It was interesting to note that the only snowshoes carried by the Fish and Game crew were Sherpa's.

peakbagger-paul
03-28-2011, 07:46 AM
Jackson is tougher in the winter than its elevation and distance from the road would suggest. On the Webster-Jackson Trail, once you get to the area just below the summit cone, the trail tends to disappear. Tracks usually lead in several directions, mostly not up the actual trail, and people seem to find different ways of reaching the summit. Coming back down could easily be confusing with the multiple tracks.

RoySwkr
03-28-2011, 12:13 PM
Even though the trail is quite obvious for 7/8 of its length, it looks like the combination of wind and snow squalls on Saturday had erased the trail. In some stretches it completely disappeared in areas without a lot of tree cover
Coming up W-J in snow, I have twice circled the cone R to WCT. First time was a day like you describe where I lost the trail, 2nd time the first cliff was too icy for my taste. The whack is probably no worse than the trail if conditions are such that you can't find the trail.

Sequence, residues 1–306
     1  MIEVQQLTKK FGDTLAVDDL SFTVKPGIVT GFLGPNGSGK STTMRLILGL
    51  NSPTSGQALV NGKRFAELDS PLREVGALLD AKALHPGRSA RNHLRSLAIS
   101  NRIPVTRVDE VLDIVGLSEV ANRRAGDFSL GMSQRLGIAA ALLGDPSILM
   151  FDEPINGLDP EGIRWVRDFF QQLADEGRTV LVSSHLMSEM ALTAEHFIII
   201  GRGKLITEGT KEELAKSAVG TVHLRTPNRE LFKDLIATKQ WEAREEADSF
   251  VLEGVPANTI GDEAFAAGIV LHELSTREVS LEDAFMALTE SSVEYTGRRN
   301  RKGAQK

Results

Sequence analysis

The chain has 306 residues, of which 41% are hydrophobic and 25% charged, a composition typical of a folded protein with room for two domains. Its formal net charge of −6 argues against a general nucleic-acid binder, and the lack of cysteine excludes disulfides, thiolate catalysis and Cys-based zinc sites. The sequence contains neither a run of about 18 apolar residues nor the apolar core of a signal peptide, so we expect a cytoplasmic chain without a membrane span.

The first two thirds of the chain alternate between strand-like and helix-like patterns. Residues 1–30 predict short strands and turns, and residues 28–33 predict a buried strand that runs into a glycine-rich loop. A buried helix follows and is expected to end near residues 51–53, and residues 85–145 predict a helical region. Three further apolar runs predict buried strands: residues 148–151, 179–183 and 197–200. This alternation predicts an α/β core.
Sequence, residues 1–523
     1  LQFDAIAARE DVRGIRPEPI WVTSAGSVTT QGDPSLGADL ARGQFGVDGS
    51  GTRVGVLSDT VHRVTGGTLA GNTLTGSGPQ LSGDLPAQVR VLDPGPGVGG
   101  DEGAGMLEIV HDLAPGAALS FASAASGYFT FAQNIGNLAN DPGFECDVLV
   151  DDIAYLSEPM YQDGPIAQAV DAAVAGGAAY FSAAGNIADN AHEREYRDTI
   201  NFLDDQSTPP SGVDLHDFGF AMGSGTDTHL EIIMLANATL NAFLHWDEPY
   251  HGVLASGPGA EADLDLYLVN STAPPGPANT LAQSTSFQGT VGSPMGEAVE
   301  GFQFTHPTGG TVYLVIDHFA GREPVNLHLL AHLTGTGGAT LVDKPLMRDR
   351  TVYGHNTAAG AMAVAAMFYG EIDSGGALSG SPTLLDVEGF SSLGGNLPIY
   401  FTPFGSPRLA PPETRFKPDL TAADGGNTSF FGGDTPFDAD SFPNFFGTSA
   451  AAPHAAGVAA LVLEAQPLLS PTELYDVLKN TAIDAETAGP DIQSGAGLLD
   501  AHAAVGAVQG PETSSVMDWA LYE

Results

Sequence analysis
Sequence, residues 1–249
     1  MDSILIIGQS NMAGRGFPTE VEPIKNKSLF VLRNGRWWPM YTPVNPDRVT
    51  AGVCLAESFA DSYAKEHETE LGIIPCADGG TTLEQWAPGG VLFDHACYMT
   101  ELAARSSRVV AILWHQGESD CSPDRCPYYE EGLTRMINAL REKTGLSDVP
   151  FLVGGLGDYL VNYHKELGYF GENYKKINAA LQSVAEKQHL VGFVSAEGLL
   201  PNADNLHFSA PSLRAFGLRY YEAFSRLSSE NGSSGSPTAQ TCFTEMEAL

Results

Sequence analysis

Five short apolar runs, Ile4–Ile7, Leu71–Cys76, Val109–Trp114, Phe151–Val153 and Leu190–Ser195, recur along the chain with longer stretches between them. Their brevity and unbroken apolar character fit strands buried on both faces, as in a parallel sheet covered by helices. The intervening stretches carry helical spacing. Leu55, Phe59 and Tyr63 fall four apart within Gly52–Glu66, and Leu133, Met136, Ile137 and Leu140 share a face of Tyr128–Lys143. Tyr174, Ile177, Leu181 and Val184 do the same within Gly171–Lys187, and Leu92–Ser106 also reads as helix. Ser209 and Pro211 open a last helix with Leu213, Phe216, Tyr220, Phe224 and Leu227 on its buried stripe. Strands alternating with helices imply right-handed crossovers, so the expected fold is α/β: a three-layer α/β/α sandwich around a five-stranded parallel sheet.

Mountain49
03-28-2011, 04:23 PM
For the record I did summit Jackson! Thanks for your comments.

Mountain49

David Metsky
03-28-2011, 04:32 PM
Glad you made it back here to post!

Kevin, Judy and Emma
03-28-2011, 04:34 PM
I was on Mount Washington listening in to the radio talk as it was happening and thought, "OMG". I am 210lbs and in pretty good shape, but 70mph winds can toss me around like a tumbleweed.

KDT

Dennis C.
03-28-2011, 05:01 PM
On the Webster-Jackson Trail, once you get to the area just below the summit cone, the trail tends to disappear.
Actually you come up to the base of a rock wall ... which can be tricky, especially in winter (icy). Most take the easiest way up that wall on the right side and turn left to traverse over the top. From the there it's pretty clear (open) where the trail goes ... up toward some open ledges and then to the summit cone. Was this the area of confusion, Mountain49?